The people at ProSpecieRara want to change all of that by reintroducing old varieties that will turn our definition of a tomato on its head: pink giants, green minis, varieties that are striped red and yellow. The Swiss foundation cultivates 140 different types of tomatoes, helping to protect a total of 3,800 old cultivated plants and a few species of farm animals from extinction. Since its founding 34 years ago, wooly pigs, Appenzeller Spitzhauben chickens, and booted mountain goats have come back to live amongst the Holstein cattle; black corn and yellow raspberries have made Swiss fields and gardens more colorful. The Urban Tomatoes campaign seeks to raise botanical diversity in cityscapes, as well — all the way up to urban balconies! But how does one stir the interest of city dwellers in earthy agrarian topics? With seeds, shovels, and social media.
DIY-gardening is on the rise
For the past five years, ProSpecieRara, in collaboration with the cities of Geneva, Lausanne, and Zurich, has been producing tomato starter kits — seeds and a tutorial — which can be ordered on their website and via social media. Similar kits featuring lettuce and bell peppers are recent additions to the foundation’s portfolio. With a few posts in early spring, Nicole Egloff gets the ball, or rather the tomato, rolling. As soon as the first orders land in her inbox, her Basel office morphs into a veritable shipping factory. “We are able to process the large volume of orders thanks to many volunteers, interns, and our flexible office staff,” the 34-year-old head of communications explains. Ever since she came on board as a public relations intern over nine years ago, she has been driving fresh publicity campaigns together with project manager Anna Kornicker and advising hobby-gardeners when they run into problems, from brown leaves to white flies. Her PR skills were particularly needed this past year because the Urban Tomato …more
Publishers concerned case could set dangerous precedent, have silencing effect on environmental organizations
The world’s biggest book publishers have been dragged into a bitter dispute between a US logging company and environmental campaigners Greenpeace. It follows legal action taken by the logging company, Resolute Forest Products, which campaigners and publishers fear has implications for freedom of speech.
Photo by peupleloup, Flickr
The dispute centers on claims by Greenpeace about the company’s logging practices in sections of Canada’s boreal forest, which are home to Indigenous peoples as well as endangered wildlife. Greenpeace alleges that Resolute: “Is responsible for the destruction of vast areas of Canada’s magnificent boreal forest, damaging critical woodland caribou habitat and logging without the consent of impacted First Nations.”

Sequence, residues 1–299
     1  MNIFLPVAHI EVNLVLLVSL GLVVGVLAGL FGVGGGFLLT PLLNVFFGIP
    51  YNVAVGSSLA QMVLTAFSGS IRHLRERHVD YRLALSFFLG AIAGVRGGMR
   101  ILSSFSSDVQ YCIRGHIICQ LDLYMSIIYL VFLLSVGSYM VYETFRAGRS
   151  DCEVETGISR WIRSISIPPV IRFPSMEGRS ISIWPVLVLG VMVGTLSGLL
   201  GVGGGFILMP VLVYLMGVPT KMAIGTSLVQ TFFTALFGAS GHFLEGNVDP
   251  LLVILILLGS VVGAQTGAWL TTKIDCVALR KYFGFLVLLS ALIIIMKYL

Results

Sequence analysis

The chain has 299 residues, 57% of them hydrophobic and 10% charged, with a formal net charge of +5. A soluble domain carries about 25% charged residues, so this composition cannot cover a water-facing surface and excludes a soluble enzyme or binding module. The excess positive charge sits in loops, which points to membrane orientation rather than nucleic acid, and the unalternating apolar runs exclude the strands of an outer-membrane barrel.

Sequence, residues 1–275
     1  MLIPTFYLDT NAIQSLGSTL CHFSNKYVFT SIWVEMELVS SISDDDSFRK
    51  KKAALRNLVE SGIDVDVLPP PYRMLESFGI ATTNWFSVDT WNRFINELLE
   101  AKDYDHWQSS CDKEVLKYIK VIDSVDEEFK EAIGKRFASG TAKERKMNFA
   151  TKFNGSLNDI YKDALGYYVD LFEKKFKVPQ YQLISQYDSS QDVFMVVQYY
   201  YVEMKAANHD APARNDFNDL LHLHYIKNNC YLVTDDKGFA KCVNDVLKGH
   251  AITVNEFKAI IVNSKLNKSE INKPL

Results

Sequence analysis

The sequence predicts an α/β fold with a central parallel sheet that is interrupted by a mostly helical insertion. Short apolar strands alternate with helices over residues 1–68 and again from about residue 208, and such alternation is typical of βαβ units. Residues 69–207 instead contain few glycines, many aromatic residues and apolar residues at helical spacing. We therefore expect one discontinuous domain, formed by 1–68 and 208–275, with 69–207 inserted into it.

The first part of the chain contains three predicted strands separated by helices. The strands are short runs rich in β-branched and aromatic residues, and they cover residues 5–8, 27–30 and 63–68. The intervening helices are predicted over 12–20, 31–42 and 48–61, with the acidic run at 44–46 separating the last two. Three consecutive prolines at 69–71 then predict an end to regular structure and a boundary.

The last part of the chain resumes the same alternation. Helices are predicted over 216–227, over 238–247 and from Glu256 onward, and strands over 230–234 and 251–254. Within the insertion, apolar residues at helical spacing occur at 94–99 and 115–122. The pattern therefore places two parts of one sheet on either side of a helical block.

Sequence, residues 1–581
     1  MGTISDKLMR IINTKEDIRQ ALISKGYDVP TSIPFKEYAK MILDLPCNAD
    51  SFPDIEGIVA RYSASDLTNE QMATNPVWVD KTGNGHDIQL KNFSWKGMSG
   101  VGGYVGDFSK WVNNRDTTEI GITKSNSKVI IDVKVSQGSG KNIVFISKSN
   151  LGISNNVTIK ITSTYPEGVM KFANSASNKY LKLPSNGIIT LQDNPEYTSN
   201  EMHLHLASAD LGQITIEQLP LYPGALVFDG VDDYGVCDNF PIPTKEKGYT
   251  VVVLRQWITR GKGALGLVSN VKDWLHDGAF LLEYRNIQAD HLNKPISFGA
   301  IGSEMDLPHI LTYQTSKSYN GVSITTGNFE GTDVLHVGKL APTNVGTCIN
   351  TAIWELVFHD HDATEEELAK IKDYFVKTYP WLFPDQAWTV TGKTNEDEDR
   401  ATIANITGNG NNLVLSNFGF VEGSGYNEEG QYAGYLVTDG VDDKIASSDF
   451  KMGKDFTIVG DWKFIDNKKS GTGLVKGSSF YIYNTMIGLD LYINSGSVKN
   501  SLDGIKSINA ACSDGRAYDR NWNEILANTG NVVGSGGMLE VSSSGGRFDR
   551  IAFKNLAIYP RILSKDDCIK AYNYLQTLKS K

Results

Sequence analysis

Resolute strongly disputes the claims. Last year, it followed up a 2013 defamation and economic interference lawsuit launched in Canada with a $226 million US claim under the Racketeering Influenced and Corrupt Organizations Act (RICO). Passed in 1970 to counter organized crime, the use of the act has been criticized as an attempt to silence both Resolute’s critics and for setting a “dangerous” precedent for whistleblowers and NGOs.
Publishers, including Penguin Random House and Murdoch-owned HarperCollins, became involved after a petition signed by more than 100 authors in support of Greenpeace was handed in at US publishing trade show BookExpo. The petition called for publishers using Resolute products to use their clout to pressure the company into dropping the lawsuit and addressing alleged logging practices.
Hachette Livre, whose UK subsidiaries publish among others Ian Rankin, JK Rowling, and Cressida Cowell, expressed concern that the Rico action poses a threat to free speech and could be used to silence environmental organizations at a time when the US government has stated its intention to withdraw from the Paris climate agreement on climate change.
Emphasizing that Hachette had “no intention of taking sides,” but was “reaffirming our commitment to free speech,” Ronald Blunden, senior vice-president of corporate communications said: “It is the [scale] of the damages being sought in the suit. We are concerned that it is about muzzling Greenpeace at a time when the US government is pulling out of the Paris accord on climate change.”
He added: “You need these NGOs to be able to do their work and be whistleblowers, because if they disappear, and if the US pulls out …more